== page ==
San Jose Mayor Chuck Reed on Tuesday filed to put a polarizing state constitutional amendment on the November 2014 ballot that would allow government agencies to dial down public pension benefits.
If voters OK the Pension Reform Act of 2014, it would change the state constitution to empower government agencies to negotiate existing employees’ pension and retiree healthcare going forward. The measure would eliminate what’s called the “vested rights” doctrine, a precedent established through decades of court decisions that prevents agencies from slashing pension benefits. Retirement benefits already earned would be protected.
The flexibility in negotiating labor contracts would apply to benefits earned from future years of service. Reed filed for the initiative jointly with mayors of San Bernardino, Santa Ana, Anaheim and Pacific Grove. The ballot initiative language can be found at http://www.reformpensions2014.com.
“Skyrocketing retirement costs are crowding out funding for essential public services and pushing cities, counties and other government agencies closer to insolvency,” said Reed, whose citywide Measure B pension reforms remain tied up in court pending opposing union-backed litigation. “This initiative gives government leaders the flexibility to solve their pension problems so they can both provide critical services to the public and make sure that our employees and retirees are paid the benefits that they have earned.”
Reed has already behested $300,000 to sponsor the measure. The bulk of the cash—$200,000—came from an organization sponsored by Texas billionaire John Arnold, which stirred up a fair bit of controversy since Arnold is a scandal-plagued former Enron exec.
The Arnold Foundation released a study about public retirement benefits that found states had been under-contributing to pension funds for years. But rather than recommending states fix that shortcoming, the study prescribes another solution: stop promising defined benefits, according to a Rolling Stone expose on pension reform scams.
Reed said during a keynote address at the California Public Pension Solutions Conference at the Hoover Institution last week that he would file for the initiative as soon as possible—“the sooner, the better”—to get it on next year’s ballot.
“Many of California’s public employee retirement plans are simply unsustainable and it’s in everyone’s interest to provide the tools to fix the problem now before even tougher actions are necessary,” Reed said. “During tough economic times, we believe employees would much rather adjust their future expectations than risk seeing their accrued benefits slashed in bankruptcy.”
He noted Stockton and Central Falls, Rhode Island, where the cities slashed retiree pension checks in half because there’s not enough money in the bank to issue the full amount.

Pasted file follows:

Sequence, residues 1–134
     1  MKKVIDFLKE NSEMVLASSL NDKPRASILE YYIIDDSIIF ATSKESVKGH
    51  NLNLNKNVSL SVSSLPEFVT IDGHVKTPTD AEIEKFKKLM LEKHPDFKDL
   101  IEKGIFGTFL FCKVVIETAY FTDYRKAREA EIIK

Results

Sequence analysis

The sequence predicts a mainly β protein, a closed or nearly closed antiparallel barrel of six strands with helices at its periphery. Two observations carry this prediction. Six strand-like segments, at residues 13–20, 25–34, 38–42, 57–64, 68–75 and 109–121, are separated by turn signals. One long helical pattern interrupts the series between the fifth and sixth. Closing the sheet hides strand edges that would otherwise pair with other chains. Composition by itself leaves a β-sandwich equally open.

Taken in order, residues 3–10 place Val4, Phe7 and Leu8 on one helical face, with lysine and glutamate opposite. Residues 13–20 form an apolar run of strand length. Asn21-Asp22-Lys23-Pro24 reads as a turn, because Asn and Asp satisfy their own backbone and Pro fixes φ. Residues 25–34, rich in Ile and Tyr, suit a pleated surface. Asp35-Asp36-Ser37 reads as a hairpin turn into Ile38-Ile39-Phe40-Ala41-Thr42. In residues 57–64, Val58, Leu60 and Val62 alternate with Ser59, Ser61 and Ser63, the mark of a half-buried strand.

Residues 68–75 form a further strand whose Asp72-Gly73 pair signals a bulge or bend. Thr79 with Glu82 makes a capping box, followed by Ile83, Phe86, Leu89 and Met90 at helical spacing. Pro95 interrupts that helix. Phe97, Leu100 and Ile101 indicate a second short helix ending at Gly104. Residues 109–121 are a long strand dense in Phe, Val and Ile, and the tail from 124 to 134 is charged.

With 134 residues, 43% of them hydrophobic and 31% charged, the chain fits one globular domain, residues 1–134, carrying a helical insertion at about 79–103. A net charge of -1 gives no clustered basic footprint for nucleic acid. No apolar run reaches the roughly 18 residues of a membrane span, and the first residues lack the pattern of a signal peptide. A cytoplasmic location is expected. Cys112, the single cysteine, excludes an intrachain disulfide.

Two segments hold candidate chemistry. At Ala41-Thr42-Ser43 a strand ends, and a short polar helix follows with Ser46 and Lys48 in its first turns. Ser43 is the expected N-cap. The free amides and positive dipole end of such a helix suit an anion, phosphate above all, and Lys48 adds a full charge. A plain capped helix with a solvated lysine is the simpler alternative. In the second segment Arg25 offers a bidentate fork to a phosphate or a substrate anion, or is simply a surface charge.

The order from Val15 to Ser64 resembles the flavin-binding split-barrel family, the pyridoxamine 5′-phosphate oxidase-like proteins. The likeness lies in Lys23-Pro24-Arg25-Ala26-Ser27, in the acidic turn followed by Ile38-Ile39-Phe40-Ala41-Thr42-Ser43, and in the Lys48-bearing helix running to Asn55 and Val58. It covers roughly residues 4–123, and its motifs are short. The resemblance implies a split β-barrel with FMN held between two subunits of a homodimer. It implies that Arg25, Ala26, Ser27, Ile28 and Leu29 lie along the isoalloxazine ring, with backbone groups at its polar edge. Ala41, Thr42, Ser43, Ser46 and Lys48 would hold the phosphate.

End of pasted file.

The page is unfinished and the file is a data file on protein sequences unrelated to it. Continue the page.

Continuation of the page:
“Our teachers, police officers, firefighters and other dedicated public servants deserve to know that the pensions they’ve earned will be there when they need it–not just the day they retire, but also when they’re 85 or 90,” Reed said.
The tentative pension reform bill would prevent the state, pension plan administrators and other public boards from meddling with the ability of elected leaders or voters to change public employee benefits for future years of service. It would protect existing labor agreements by requiring government employers wait until those contracts expire before negotiating any changes. And it would require any public agency with a pension plan less than 80 percent funded to come up with a report about how it will achieve full funding in 15 years.
San Jose has about $3 billion in unfunded pension and healthcare liabilities, and pension payouts eat up one-fifth of the General Fund budget. Under the status quo, Reed said, pension funds don’t earn enough revenue to pay liabilities, workers don’t contribute enough to cover the cost and too many employees retire early for the city to pay for the program.
Measure B sought to even out the equation by getting city workers, including firefighters and police, to contribute 16 percent more of their take-home salary toward their own pensions to help pay down some of that city debt. It also pushed down pensions for new hires and gave existing workers the choice of switching to a lesser benefit tier for the rest of their employment.
Critics have called the San Jose measure illegal and the state initiative an effort to fleece public workers from the benefits promised them.
Salon’s David Sirota called the statewide plan “a craven plot to abuse workers.”
“Of course, the word ‘reform’ is now the preferred euphemism for ‘rip-off scheme,’” he wrote in an Oct. 7 article. “In the context of pensions, it means pleading poverty to justify cuts to public employees guaranteed retirement income, all while preserving massive corporate welfare and, in many cases, funneling pension cash to Wall Street hedge fund managers.”
The San Diego Free Press reported that better talking point would be to talk about the billions of dollars a year in state-granted corporate tax breaks.
“The strategy in selling this next batch of pension reform will be to wail about overpaid employees and the certain financial doom facing California tax